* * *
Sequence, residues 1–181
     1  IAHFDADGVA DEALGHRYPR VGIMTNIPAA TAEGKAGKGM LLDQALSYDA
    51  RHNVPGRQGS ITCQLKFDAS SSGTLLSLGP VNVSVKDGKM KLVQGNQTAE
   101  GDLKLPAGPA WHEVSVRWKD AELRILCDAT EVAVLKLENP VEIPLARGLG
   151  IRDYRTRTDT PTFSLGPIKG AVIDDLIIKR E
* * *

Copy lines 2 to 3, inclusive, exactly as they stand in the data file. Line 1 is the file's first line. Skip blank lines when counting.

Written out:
     1  IAHFDADGVA DEALGHRYPR VGIMTNIPAA TAEGKAGKGM LLDQALSYDA
    51  RHNVPGRQGS ITCQLKFDAS SSGTLLSLGP VNVSVKDGKM KLVQGNQTAE